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A.J. McKee admits he was partying before Bellator 160, but chalks it up to learning experience


Perhaps it wasn’t the first-round finish he’s used to, but prospect A.J. McKee made the most of his Bellator 160 platform on Aug. 26 by taking out Cody Walker. This time he had to do it in the second round, via a guillotine choke. And part of the reason it took him a bit to get started was McKee had trained specifically for the smaller Henry Corrales, who ended up being replaced by Walker on short notice.

It was that and, well, the 21-year old was out late the night before his fight. Was he really partying in Hollywood, as he said in his post-fight interview?

"Kind of, yeah," McKee said on Monday’s edition of The MMA Hour. "I went to the club. We had Wiz Khalifa there, so…I went to see Wiz Khalifa. You can’t pass up Wiz Khalifa."

McKee, who lives and trains in Long Beach, California with his father Antonio McKee’s BodyShop Fitness Team, works at the club in question. He said he didn’t get to sleep the night before his encounter with Walker at the Honda Center in Anaheim until around "one or two" o’clock in the morning.

That might have accounted for some of his sluggishness in a fighter he won fairly handily anyway. Now 5-0 as a professional fighter, with all of his fights falling under the Bellator banner, McKee said it was part of his learning experience.

"Definitely [it was a mistake], I think just being young you just kind of look past things and you want to just enjoy life a little," he said. "I don’t know, I felt weird, where I want to be, where I want to go…there’s little things I’ve got to leave alone. Being young is probably one of them. That’s a sacrifice I’ve got to make to get to where I want to be."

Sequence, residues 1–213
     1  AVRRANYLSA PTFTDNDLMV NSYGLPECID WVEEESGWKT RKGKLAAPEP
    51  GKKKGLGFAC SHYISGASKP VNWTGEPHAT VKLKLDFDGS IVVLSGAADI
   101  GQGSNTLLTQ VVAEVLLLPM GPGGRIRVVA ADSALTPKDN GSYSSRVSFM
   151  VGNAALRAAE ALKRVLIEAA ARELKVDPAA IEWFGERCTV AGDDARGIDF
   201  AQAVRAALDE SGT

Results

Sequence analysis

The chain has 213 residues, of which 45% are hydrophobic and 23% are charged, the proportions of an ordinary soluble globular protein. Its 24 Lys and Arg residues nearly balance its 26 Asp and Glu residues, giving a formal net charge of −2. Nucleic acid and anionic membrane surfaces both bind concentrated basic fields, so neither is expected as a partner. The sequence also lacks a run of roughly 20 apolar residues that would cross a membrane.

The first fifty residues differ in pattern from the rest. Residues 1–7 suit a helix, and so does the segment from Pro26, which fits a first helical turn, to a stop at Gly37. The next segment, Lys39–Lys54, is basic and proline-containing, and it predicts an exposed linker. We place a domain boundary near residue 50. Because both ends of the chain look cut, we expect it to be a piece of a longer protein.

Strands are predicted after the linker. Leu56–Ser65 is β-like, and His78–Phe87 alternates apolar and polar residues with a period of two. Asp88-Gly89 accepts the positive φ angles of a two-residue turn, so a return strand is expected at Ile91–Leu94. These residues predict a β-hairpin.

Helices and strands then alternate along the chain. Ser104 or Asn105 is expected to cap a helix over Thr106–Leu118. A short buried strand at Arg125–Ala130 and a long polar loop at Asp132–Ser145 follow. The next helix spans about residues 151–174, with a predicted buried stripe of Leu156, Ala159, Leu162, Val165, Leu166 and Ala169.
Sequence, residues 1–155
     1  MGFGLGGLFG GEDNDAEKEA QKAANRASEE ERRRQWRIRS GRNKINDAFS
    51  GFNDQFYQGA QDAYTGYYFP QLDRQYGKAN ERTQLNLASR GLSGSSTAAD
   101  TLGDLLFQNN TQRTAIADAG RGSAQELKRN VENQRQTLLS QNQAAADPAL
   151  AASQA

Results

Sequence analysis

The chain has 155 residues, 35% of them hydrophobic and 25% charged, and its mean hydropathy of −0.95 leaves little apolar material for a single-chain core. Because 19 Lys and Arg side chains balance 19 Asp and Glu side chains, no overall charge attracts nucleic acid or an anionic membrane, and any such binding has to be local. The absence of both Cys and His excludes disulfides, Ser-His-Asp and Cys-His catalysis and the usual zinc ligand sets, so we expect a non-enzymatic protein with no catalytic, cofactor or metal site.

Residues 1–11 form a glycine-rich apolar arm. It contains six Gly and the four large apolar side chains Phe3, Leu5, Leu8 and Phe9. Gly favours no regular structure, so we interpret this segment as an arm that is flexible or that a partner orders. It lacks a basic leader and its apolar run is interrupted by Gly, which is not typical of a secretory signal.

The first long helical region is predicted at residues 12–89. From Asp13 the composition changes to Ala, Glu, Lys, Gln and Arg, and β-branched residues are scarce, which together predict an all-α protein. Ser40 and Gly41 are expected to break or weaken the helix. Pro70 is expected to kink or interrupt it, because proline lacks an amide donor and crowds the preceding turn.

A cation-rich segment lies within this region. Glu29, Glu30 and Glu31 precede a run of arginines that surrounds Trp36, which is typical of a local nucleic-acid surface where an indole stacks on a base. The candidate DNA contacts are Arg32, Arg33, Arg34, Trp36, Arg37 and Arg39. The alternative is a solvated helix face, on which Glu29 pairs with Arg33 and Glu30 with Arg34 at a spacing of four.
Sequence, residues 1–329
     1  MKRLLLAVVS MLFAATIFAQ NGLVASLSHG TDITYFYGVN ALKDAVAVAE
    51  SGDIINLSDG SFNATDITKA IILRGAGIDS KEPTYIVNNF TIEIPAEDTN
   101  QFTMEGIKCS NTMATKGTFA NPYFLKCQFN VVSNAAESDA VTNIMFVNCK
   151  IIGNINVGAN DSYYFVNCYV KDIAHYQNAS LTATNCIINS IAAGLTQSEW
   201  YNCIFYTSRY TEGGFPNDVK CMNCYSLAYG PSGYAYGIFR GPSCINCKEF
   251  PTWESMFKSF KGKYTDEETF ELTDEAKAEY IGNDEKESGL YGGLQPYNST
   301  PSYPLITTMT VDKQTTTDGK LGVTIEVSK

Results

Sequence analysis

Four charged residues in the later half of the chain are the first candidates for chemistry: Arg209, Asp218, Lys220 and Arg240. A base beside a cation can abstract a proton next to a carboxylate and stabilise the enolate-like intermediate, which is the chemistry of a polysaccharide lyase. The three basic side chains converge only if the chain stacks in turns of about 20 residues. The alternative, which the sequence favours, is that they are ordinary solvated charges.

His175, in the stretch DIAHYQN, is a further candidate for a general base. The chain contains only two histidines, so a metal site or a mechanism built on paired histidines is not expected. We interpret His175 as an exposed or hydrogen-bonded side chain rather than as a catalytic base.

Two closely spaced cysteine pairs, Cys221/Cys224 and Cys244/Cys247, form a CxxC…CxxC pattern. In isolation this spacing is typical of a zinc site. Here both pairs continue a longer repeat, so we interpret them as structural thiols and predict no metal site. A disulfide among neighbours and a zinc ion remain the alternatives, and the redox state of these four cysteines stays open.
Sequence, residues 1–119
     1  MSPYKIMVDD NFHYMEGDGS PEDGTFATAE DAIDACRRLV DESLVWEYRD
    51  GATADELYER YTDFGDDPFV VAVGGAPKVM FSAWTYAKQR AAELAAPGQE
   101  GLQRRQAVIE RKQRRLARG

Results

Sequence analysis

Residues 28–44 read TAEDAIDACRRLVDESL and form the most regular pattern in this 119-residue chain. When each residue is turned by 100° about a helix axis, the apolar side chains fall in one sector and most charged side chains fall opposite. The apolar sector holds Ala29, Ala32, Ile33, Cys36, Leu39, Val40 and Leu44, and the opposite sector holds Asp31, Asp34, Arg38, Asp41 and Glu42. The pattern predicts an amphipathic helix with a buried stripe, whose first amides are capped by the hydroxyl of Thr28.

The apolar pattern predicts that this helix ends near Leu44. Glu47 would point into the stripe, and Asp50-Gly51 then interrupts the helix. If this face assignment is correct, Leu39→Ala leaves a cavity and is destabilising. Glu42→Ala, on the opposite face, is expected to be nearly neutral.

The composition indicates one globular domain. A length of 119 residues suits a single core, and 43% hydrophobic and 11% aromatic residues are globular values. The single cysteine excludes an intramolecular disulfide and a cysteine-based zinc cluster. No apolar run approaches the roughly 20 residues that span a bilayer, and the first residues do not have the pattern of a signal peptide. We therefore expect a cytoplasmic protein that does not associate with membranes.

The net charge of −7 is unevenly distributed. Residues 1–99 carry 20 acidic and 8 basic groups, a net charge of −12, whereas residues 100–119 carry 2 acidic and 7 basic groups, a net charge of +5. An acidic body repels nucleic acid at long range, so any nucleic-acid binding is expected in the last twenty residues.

McKee is one of the blue chip prospects coming up in Bellator’s featherweight division. His father, Antonio, fought for 15 years as a grinder who competed in the MFC, the UFC, WSOF and DREAM. Twenty-six of his 37 professional bouts were decisions. With his son, who carries a nickname of "Mercenary," it’s all about the flash and dash.

A.J. has finished all five of the opponents he’s faced thus far, four of them in the first round. He said that’s how he wants to make his legacy.

"Yeah, it’s kind of an entertainment thing for me," he told Ariel Helwani. "You make the fans happy, the fans make Bellator happy, and Bellator makes me happy. So it’s kind of a supply and demand thing, you know?"

McKee, who has proven to be a bit of a showman in and out the cage — doing back flips off the cage and wearing a tuxedo jacket in his post-fight interview — has been plenty audacious early on. He quelled his "beef" with Pitbull Freire on national TV, but also said he was gunning for the champion himself, Daniel Straus.

Asked if that was what he wanted next, or if he’d rather take it a bit slow and get a couple more fights under his belt, McKee opted for the latter.

"I feel like I’ve got one or two more fights just to kind of tighten up things, especially after this last fight," he said. "It was a good win, but I feel like I kind of overlooked Cody Walker. Not overlooked him, but I didn’t expect what I expected of him. He’s probably one of the biggest 45s anyone’s ever seen with a 78-inch reach, 6-foot-2. That’s a huge 45-pounder. I’m already a pretty big 45-pounder, so me having to change my entire game up, just being focused to fight Corrales and being ready for Corrales. I went in there kind of getting ready to fight Corrales, staying long and staying on the outside, but I don’t know.

"A week before the fight the whole game plan just changed. And my dad’s like, hey, you’ve always wanted to go get it. He’s like, this is your fight, you’ve got to be inside this fight, so go get it. And, I just went in there and kind of let those hands go and went to go get it."

McKee said he would like to get back into the cage as soon as possible, in particular on the Nov. 19 event that Bellator has scheduled for San Jose that features a lightweight title fight between Benson Henderson and Michael Chandler.

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